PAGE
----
A U.S House of Representatives Democrat introduced a bill on April 8 authorizing $8 billion to plug and clean up abandoned oil wells nationwide, a measure aimed at creating jobs for oil and gas workers and reducing climate-warming emissions.
More than a century of oil and gas drilling has left behind millions of abandoned wells, many of which are emitting methane, a potent greenhouse gas, into the atmosphere. Oil and gas companies are likely to abandon many more wells as demand for clean energy replaces that for fossil fuels.
The bill, sponsored by Representative Teresa Leger Fernandez, comes a week after President Joe Biden’s administration unveiled a $2 trillion infrastructure proposal—dubbed the American Jobs Plan—that called for a $16 billion investment to plug orphaned wells and clean up abandoned mines.
The Biden initiative is aimed in part at providing work for oil and gas employees likely to be displaced by a move away from fossil fuels because of climate change.
Leger Fernandez said in an interview that her bill "does the two things that the American Jobs Plan is looking at, which is both create jobs and address some of the pressing national problems we have."
Her bill would provide $7.25 billion in grants for well cleanups on state and private lands and $700 million for plugging on public and tribal lands.
State eligibility for the grants would be tied to various metrics, including the ability to put people to work quickly, a state's oil and gas job losses, the number of abandoned wells and efforts to tighten plugging regulations, reduce methane emissions and boost spending on cleanups.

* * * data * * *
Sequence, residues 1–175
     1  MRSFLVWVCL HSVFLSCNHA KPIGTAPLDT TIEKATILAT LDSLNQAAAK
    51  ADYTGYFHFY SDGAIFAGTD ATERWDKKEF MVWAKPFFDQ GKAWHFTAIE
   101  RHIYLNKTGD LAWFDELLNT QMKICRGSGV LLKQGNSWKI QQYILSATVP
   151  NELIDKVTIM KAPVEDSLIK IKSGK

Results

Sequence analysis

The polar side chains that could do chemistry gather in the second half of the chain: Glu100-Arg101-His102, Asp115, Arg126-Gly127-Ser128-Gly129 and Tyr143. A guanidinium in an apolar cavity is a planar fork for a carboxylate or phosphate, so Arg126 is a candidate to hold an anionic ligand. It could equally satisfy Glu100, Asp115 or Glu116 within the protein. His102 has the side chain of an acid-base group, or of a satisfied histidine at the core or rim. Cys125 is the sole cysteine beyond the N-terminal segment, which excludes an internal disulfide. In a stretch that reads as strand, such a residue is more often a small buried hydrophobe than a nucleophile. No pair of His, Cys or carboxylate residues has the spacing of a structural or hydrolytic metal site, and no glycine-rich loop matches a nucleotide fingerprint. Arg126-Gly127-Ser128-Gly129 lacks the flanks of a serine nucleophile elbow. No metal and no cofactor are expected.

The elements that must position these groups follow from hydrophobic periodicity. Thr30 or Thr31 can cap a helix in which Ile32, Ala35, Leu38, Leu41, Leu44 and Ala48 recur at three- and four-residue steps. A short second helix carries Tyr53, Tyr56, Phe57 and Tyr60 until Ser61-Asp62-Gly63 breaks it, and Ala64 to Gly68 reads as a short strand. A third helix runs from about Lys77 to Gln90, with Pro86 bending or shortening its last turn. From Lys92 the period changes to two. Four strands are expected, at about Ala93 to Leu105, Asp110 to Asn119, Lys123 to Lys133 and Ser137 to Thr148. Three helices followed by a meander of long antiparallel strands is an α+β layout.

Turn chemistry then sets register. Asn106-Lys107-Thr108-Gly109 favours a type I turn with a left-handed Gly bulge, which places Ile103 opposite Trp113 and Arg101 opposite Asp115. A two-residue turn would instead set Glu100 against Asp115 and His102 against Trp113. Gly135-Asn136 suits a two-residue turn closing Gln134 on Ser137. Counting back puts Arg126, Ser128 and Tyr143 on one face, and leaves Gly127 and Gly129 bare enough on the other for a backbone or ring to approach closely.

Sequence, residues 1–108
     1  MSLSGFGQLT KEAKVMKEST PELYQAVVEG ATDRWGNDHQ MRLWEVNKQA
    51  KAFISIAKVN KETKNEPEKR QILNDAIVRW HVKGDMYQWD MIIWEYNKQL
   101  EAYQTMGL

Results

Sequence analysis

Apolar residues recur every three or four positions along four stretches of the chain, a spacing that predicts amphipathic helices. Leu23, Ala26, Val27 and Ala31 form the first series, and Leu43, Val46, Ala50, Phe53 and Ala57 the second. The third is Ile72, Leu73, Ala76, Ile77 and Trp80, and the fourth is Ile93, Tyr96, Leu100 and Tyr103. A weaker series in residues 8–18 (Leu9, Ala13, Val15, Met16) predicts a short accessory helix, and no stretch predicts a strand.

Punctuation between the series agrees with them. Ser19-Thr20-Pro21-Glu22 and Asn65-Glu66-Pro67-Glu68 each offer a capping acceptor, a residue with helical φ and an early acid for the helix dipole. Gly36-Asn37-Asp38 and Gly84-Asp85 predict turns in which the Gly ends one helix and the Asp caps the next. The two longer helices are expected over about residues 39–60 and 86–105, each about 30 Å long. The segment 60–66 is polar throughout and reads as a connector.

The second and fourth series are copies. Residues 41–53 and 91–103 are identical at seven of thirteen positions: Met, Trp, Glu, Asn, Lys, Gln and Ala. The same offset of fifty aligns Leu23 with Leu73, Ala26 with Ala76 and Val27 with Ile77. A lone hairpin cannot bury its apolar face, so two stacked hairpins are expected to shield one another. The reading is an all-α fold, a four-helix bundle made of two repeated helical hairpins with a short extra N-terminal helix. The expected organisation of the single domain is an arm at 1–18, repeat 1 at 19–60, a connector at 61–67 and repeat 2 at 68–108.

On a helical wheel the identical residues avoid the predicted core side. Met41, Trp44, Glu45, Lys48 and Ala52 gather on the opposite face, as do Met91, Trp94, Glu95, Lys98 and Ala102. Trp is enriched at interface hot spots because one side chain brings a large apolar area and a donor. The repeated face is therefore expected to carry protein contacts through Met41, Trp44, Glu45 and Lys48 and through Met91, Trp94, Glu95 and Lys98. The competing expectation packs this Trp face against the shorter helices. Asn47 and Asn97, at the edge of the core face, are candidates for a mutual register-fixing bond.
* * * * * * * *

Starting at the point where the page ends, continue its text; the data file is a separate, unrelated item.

Leger Fernandez’s home state of New Mexico is a major oil and gas producer.
The bill would also raise bonding amounts, the money that drillers must pay to cover cleanup costs if they go bankrupt, for companies with wells on public lands. The U.S. Government Accountability Office has said that existing levels are not sufficient, leaving taxpayers on the hook for cleanups.
Bonds for wells on a single lease would rise to $150,000 from $10,000, while bonds for all of a driller's wells in a state would go to $500,000 from $25,000. Companies would also be required to pay new fees for idle wells on public lands.
Analysts at S&P Global Platts said gas would likely take market share back from wind in coming months as demand for air conditioning rises this summer.
Hydrogen is vogue again. In the media, at conferences, in company presentations, there is no escaping the buzz around it.
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